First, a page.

https://www.vox.com/policy-and-politics/2017/6/15/15806870/hawaii-universal-basic-income

Dmaxd123
September 6th, 2017, 06:09 PM
so where does the money come from?

where is the incentive to work if you can make do with whatever little paycheck the state gives you?

Alaska used to give residents some of the oil $$ but that has since dried up I believe

all sounds fine and dandy until you think about the fact that saying "just raise the taxes on the rich" will push the rich out of the area and make it even more economically depressed

SethfromMI
September 6th, 2017, 06:36 PM
so where does the money come from?

where is the incentive to work if you can make do with whatever little paycheck the state gives you?

Alaska used to give residents some of the oil $$ but that has since dried up I believe

all sounds fine and dandy until you think about the fact that saying "just raise the taxes on the rich" will push the rich out of the area and make it even more economically depressed

The money will come from the sell of magical beans

Some will still have the desire to work, but if it is the La La Land version of socialism if you don't want to work it is no big deal (if it is more of a Stalin world which those situations often end up being, you will be killed for not working. but let's not spoil the dream shall we)

Ah but the rich will magically buy into the utopia of giving up all their wealth so everyone can live equally as they hold hands dancing around the camp fire

mattsmith48
September 6th, 2017, 07:33 PM
Dmaxd123 SethfromMI Basic income is something that needs a lot of work and planning before being implemented and would only need a small increase in taxes, but most of the money comes from already existing programs that basic income would replace like unemployment. In studies and pilot projects done on basic income, the only people who were leaving their jobs were mostly students and single parents. Job lost to automation is a problem we have to face and will only get worst and a universal basic income is inevitable the only question is when we will implement it.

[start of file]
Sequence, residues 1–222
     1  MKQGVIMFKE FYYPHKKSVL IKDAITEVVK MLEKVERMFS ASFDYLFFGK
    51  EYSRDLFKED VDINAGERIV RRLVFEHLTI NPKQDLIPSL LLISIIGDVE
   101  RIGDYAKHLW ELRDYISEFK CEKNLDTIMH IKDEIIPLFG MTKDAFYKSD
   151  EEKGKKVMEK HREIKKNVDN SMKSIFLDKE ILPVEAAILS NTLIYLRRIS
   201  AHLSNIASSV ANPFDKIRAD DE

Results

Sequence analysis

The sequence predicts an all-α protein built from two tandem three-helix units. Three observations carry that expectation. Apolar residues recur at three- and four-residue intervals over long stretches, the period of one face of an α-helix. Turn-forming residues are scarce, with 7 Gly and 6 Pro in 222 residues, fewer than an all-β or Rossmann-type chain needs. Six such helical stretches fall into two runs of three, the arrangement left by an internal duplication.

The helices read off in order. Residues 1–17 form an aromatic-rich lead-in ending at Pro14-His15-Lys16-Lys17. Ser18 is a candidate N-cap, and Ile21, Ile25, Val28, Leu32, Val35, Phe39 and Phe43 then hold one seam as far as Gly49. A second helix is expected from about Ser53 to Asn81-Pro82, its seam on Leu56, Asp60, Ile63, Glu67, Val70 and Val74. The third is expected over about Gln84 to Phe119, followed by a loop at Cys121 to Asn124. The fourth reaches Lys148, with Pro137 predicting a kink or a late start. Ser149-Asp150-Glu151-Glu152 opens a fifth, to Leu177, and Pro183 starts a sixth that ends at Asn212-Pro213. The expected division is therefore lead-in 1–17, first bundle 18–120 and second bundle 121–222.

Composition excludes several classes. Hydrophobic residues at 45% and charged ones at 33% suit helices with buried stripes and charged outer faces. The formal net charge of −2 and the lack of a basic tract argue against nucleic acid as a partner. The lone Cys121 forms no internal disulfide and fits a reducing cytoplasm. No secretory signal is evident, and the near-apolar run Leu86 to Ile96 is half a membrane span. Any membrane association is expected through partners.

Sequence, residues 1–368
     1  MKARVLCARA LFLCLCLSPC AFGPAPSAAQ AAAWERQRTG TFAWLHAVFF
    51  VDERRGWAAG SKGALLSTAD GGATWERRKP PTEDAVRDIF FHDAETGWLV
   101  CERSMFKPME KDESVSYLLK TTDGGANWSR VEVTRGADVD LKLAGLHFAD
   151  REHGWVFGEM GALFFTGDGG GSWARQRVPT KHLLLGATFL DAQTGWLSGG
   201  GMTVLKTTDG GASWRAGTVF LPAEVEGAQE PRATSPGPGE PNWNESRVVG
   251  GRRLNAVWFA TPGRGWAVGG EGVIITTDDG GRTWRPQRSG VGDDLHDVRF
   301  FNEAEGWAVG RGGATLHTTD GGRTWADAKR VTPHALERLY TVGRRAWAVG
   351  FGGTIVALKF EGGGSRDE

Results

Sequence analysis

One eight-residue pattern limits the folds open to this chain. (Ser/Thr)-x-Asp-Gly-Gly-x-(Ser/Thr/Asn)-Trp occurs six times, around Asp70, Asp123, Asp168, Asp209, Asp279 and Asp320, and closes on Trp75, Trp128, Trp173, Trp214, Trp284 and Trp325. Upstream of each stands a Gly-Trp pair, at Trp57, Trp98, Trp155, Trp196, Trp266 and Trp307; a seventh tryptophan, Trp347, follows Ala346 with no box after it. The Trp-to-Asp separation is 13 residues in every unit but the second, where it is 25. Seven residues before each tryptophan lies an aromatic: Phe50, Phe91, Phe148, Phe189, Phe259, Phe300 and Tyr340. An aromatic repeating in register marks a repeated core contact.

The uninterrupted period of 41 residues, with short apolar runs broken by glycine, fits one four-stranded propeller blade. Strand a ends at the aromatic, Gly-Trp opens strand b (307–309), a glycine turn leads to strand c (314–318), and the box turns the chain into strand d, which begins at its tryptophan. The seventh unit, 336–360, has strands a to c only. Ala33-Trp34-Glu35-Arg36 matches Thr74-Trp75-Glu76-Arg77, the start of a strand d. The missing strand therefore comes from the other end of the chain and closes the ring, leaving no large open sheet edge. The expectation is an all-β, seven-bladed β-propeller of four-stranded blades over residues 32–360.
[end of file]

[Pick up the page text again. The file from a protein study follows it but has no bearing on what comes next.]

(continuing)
I started a thread on Basic Income in ROTW a couple months ago, you guys should check it out.


Ah but the rich will magically buy into the utopia of giving up all their wealth so everyone can live equally as they hold hands dancing around the camp fire

Actually a lot of rich people openly endorsed the idea of universal basic income.

Dalcourt
September 6th, 2017, 10:36 PM
I'm always a bit sceptical about the basic income concept. I read a little about it but still don't completely grasp how it would work in practice.
But given it works it would be great for the people there...and yeah if any US state can figure it out it's Hawaii.

Dmaxd123
September 7th, 2017, 05:29 AM
on the bright side if Hawaii does do this basic income stuff... maybe some of those just living off the system in other states will leave and go to Hawaii

Falcons_11
September 12th, 2017, 11:34 PM
I don't think it will work. You can never totally eliminate poverty. There will always be people who will be living in poverty. It's written in the Bible.. "The poor you will always have with you. But you will not always have Me. - Matthew 26:11

Dmaxd123
September 13th, 2017, 07:23 AM
I think you are 100% right falcons: a lot of poverty is due to personal decisions

someone once told me "if you can't manage $1.00 you can't manage $100 or $1 million"

I know of quite a few people with decent jobs and lots of debt and probably the same number with average jobs and decent savings/retirement accounts

Voice_Of_Unreason
September 13th, 2017, 12:00 PM
I know I'm supposed to be gone, but there is some fake news here that needs to be clarified, aka the OP's statement that a UBI program that would end poverty would only result in a small increase in taxes, and would be mainly financially covered by current state welfare spending.